Thus, simply on a conventional level, effects appear based on causes. Formerly, prior to the gathering of their causes and conditions, they did not appear, and now, when the causes and conditions are assembled, they do. The mind relates these two stages to one another, and then there is the merely conceptual statement, “This did not exist before, but now it is arising!”

Similarly, one mentally relates earlier and later occasions and, in relation to a given phenomenon, thinks, “This existed previously, and then it did not exist.”

Thus, the phenomena that are conventional entities simply appear by the force of dependent origination, and in reality there are no existent phenomena whatsoever that transform into non-existent ones, and there are no non-existent phenomena that transform into existent ones.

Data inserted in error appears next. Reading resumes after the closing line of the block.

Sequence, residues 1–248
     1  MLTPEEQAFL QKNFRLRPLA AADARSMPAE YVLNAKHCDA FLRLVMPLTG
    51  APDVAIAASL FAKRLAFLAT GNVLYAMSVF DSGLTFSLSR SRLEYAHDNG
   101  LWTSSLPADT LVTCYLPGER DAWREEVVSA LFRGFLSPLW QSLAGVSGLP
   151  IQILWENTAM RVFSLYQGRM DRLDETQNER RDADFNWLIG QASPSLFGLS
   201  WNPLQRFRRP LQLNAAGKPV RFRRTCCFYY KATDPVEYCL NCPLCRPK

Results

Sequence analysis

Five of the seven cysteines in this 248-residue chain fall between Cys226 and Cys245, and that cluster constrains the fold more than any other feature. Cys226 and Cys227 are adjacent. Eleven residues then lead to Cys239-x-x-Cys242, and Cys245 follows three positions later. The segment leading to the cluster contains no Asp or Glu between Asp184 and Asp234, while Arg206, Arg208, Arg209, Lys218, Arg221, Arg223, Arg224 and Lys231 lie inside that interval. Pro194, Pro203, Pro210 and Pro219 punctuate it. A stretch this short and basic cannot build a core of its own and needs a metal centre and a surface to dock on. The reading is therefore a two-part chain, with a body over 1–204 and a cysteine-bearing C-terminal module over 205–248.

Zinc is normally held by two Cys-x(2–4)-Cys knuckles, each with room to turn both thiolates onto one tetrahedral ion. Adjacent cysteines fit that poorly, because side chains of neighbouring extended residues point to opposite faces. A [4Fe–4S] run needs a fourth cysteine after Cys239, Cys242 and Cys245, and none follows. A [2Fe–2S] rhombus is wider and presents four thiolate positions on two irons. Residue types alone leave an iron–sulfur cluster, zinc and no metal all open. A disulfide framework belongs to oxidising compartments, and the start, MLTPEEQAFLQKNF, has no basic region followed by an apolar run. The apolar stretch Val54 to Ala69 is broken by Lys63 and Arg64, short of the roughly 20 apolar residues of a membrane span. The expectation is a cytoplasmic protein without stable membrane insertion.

It is similar in the case of conditioned formations arising anew and finally ceasing, or the continua of ‘similar type’ remaining and not remaining, the perception of an existent self of the individual or phenomena and the perception of no-self. The explanation is similar to that given in the case of existent and non-existent phenomena. They are all merely appearances on the conventional, relative level, and ultimately, they are empty of their own essential identity. At the level of the genuine nature of things, there is no observation of any features such as the transformation of something existent into something non-existent or non-existent into existent, of any going or coming, arising or ceasing, increasing or decreasing.